Olivia’s household command is a nice obverse – even to a suite of waiting women in Elizabethan ruffs (so all the ensemble’s given a moment). It certainly contrasts with Fox pushing Lawrence into her swimming pool having supplied bronze swimming trunks and herself a cerise bathing suit. A baffled sexuality contrasts her poise in dealing with Malviolia’s in all its forms.


Greig’s opening ‘mankind’ referring to Ceasrio snickers out the first syllable in utter contempt. In a world of women Greig’s discomfort at dealing with the menfolk is palpable. Rebecca’s Mrs Danvers with a black fringe, Greig edges around human detritus as if it were something an underling should scoop up. Her slinking around doors to catch vowels of laughter as she spits consonants is both comic and disturbing.


Greig’s great scene is undoubtedly the set-piece of the planted letter. As she aspirates out of her element (that word elsewhere deemed outworn) into a rictus of smiling both her shed Puritanism and deep desire writhe for mastery, as if in shedding one skin she’s uncomfortable in what she’s found. Her plashing about soaked through in the fountain itself marks transparent revelation. Uneasy laughter is nothing to her appearance in a clown’s white garb topping yellow cross-garters singing her love Chicago-like to a startled Olivia. It’s not wholly believable, but takes Malvolia somewhere Greek in performative epiphany. Her extremes mark the first intimations of the terrible, defining this production.


Elsewhere the temperature’s lower but the pace more agile. Tim McMullan’s Toby Belch exudes ravaged handsomeness and an sprightliness to snare Niky Wardley’s pert Maria, someone who somewhat resembles Fox – often an attribute of such servants. McMullan’s sprite is dissolute but not dissolved, nimble to catch Wardley’s quicksilver pranking; they form a natural, believable couple, even to Maria’s infamous likening to a beagle.


Daniel Rigby’s teddy-enfolding Andrew Aguecheek is similarly youthful, here traditionally foolish rather than afflicted, with an affecting line in hurt bewilderment, so his contemptuous dismissal is the more pained. It defines his life, indeed he’s framed at the end suitcased waiting for a train that typically never arrives. Both men sport pink tints in their suits. And that’s the clue: Aguecheek’s in love with Belch, Olivia a mere pretext. There’s a startled kiss. It’s then that Belch perhaps decides on his own sexual course.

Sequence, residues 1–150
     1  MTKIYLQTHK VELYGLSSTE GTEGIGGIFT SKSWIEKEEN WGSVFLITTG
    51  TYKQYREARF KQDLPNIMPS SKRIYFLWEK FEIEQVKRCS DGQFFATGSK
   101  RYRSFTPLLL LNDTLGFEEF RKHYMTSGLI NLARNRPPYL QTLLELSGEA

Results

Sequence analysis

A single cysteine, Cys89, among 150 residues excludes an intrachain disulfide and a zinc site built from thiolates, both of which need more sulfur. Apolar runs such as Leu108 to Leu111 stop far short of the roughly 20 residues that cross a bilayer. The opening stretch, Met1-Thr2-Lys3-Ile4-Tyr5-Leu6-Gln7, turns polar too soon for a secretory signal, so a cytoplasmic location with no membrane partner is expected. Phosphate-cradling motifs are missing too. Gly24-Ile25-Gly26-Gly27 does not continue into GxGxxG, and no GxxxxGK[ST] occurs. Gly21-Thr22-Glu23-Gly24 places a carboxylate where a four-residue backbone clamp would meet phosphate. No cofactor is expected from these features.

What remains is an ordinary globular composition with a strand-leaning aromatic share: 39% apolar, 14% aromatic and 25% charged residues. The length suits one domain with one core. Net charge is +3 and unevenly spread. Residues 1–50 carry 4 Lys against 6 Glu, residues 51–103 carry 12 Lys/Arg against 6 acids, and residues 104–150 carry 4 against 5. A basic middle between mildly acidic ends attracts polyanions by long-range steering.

Imogen Doel’s Fabia brings a gamine individuality to the jesting troupe. Feste’s identity in Doon Mackichan brings songs to life that might (it’s suggested) been meant for the boy playing Viola. Mackichan’s memorable, though somehow seems even more removed from the action than normal – there’s not a place rationally or irrationally shaped for her; one feels there should be. Her excusing herself for the ‘laughter’ at Malvolia is itself left a little marooned – the words here need an imaginative direction to round them. As for other singers, The Elephant’s the one place Antonio might have felt at home in Illyria, being a fluidly gendered gay bar with a singer performing To Be Or Not To Be – enormous fun and perfectly OTT.


Elsewhere there’s suggestively avuncular work from James Wallace as Captain and Priest, and Emmanuel Kojo’s Curio, Brad Morrison’s Valentine with mute and musical ensembles. But the eternal revolve brings in conclusions with enough space to register dismay, disbelief and delirium. Fox’s Olivia confronted with twins flinches into shuddering offence; again, like Orsino, she feels sexually cheated or confused. The twins’ warmth melts opposition but it’s Greig again who pilloried as a dupe becomes a pillar of crushed dreams, and effects one more startling change.


As the tableaux draw away, we’re left with Aguecheek, the released Antonio, Malvolia, making their way through January, Suicide Month; Mackichan’s droll dispatch enunciates though doesn’t quite enact the rain and umbrellas suddenly, touchingly donned. The only caveat with this predominantly youthful cast is that January’s chilly ivy hasn’t pricked more fingers. But the ground’s shifted.